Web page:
Tumour cells have several routes that enable them to move from the primary tumour to distant tissues, a process called metastasis. It is metastasis of the primary tumour that kills most cancer patients. One of the least studied routes of metastasis is the lymphatic system. Many tumours produce factors that promote the formation of new lymphatic vessels (lymphangiogenesis). The newly formed lymphatic vessels enable tumour cells to travel from the primary tumour to the regional lymph nodes from whence they can spread throughout the body.
Current treatment practice is to surgically remove the primary tumour as well as the metastatic lymph nodes, but tumour cells in metastatic transit inside the lymphatic vessels had not been given much attention.
In a new study, Dr Tuomas Tammela and colleagues at the University of Helsinki, Finland, investigated whether eradicating tumour-associated lymphatic vessels and the tumour cells they contain using photodynamic therapy (PDT) with a light-activated cytotoxic drug could reduce or eliminate tumour metastasis. They selected the mouse ear as their model system because it is easy to image both the lymphatic vessels and the in-transit tumour cells.
The researchers implanted mouse melanoma cells or human lung tumour cells into the mouse ear tip and waited two weeks for the primary tumours to become established and to induce lymphangiogenesis. Using deep-tissue microscopy, they observed that the newly formed lymphatic vessels contained in-transit tumour cells as well as small tumour nodules. Using pathology sections taken from a patient with recurrent melanoma, they confirmed that the tumour-associated lymphatic vessels of cancer patients contain in-transit tumour cells and tumour nodules.
However, could PDT eliminate both tumour-associated lymphatic vessels and the tumour cells inside them? The researchers injected verteporfin in a liposomal preparation intradermally into the mouse ear and showed that this cytotoxic dye accumulated specifically in the lymphatic vessels. When they illuminated the mouse ear with infrared laser light, the lymphatic vessels started to shrink and fragment, and became leaky. Also, the researchers found that the mice receiving PDT and surgery had a much lower relapse rate than those that underwent surgery alone.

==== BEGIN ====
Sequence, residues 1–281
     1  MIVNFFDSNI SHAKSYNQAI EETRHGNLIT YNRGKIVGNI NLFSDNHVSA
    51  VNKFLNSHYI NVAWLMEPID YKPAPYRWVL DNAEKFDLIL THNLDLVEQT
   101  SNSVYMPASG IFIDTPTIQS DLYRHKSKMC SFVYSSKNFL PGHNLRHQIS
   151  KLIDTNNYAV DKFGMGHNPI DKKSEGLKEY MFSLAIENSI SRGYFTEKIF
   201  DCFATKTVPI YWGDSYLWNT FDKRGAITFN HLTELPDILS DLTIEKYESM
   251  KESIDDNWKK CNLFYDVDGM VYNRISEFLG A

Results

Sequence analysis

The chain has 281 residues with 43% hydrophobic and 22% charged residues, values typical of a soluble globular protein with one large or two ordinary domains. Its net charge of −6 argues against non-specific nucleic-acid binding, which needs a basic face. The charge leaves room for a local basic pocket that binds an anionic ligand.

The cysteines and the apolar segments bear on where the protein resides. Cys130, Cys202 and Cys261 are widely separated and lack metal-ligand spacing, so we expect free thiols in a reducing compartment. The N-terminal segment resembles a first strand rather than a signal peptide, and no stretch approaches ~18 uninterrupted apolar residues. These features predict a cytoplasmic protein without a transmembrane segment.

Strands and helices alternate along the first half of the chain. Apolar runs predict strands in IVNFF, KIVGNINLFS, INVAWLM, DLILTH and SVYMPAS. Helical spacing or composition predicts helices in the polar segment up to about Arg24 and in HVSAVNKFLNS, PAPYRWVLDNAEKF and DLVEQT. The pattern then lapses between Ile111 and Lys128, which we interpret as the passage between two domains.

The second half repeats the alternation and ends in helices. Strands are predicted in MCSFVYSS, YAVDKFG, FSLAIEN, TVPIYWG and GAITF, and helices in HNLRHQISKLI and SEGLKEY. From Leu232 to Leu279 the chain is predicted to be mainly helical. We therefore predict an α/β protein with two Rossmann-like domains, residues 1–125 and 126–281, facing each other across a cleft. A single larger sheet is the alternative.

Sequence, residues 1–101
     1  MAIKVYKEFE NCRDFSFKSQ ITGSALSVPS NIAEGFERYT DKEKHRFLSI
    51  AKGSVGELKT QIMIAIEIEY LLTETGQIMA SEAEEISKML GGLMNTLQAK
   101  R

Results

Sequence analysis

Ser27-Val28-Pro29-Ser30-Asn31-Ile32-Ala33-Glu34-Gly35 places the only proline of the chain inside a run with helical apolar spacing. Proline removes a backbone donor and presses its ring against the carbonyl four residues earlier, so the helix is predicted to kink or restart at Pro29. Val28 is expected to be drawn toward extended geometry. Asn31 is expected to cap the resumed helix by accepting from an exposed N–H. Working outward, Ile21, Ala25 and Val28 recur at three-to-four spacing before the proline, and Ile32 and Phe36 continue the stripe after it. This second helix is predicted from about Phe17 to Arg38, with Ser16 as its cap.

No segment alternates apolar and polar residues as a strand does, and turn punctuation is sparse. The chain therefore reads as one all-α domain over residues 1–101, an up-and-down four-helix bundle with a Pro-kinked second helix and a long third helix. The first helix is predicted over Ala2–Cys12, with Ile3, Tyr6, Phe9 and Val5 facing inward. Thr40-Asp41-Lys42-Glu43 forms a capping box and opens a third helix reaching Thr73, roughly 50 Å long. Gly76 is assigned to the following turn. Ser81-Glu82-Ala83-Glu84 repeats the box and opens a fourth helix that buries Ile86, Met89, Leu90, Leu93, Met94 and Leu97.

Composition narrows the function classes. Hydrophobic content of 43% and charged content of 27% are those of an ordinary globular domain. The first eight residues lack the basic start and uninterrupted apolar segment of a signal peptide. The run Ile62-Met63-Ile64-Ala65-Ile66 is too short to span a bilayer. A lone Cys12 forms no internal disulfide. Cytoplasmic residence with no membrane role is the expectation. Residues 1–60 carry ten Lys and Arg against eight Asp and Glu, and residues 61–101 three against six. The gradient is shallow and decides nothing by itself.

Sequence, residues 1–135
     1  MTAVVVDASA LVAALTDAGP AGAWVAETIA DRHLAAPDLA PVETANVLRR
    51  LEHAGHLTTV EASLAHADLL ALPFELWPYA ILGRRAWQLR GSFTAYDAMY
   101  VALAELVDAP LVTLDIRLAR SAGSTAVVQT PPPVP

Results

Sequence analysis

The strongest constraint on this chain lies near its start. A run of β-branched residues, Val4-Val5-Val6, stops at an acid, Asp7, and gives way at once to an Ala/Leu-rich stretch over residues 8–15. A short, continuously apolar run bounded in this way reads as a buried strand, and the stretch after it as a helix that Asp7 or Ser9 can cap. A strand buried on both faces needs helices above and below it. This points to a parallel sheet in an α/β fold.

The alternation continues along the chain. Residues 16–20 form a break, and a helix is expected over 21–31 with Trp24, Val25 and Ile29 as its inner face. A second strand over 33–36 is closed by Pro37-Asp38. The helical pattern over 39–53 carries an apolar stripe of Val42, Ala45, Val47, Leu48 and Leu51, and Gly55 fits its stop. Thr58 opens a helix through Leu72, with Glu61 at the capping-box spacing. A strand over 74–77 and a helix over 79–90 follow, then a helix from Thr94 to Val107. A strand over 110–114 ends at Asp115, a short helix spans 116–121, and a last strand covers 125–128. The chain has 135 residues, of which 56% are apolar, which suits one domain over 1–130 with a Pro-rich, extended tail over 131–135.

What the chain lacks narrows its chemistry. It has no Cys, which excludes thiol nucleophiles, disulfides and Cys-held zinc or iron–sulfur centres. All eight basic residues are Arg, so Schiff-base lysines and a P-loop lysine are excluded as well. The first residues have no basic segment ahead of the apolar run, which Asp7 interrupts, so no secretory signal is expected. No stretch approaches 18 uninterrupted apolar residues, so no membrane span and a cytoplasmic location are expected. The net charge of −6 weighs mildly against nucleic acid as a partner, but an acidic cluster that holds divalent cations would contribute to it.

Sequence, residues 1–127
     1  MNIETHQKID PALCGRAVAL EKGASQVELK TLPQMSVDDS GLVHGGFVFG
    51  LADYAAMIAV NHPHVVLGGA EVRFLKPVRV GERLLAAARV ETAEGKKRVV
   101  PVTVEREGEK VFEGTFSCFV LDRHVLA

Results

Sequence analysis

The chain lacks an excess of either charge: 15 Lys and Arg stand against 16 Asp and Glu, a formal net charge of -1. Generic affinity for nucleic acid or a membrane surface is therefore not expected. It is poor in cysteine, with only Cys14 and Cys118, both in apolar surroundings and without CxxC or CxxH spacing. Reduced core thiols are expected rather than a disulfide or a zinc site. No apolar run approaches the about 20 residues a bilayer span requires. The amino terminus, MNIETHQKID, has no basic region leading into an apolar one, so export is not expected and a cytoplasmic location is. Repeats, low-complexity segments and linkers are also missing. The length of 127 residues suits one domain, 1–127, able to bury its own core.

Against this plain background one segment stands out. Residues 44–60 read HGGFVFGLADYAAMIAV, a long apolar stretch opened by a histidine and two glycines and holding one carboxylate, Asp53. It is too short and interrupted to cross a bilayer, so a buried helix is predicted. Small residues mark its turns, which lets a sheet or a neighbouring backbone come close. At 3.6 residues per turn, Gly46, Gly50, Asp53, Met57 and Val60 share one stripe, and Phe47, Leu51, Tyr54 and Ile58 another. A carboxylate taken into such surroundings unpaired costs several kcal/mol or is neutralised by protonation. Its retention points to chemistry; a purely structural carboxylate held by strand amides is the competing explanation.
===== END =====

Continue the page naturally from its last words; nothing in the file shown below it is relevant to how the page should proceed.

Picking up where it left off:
Using a pig model, the researchers also showed that PDT can target lymphatic vessels deep within the body and, thus, PDT could be useful eradicating tumour-associated lymphatic vessels deep within the tissues of human cancer patients.
'These findings are new and exciting, because the cells in metastatic transit in tumour-draining lymphatic vessels have not been given much attention previously,' Dr Tammela says.
'We do not expect PDT to replace current surgical techniques, which comprise removal of the primary tumour and metastatic lymph nodes. However, PDT could easily be combined with existing surgical techniques to destroy the lymphatic vessels draining from the tumour, as well as the tumour cell aggregates residing within them.'
PDT using verteporfin is currently used clinically to destroy overgrown blood vessels in the retina of patients with macular degeneration. As both the drug and the PDT concept are already in use in patients, they are more likely to receive regulatory approval for targeting tumour-associated lymphatic vessels in cancer patients undergoing surgery than drugs still in earlier phases of development, Tammela states.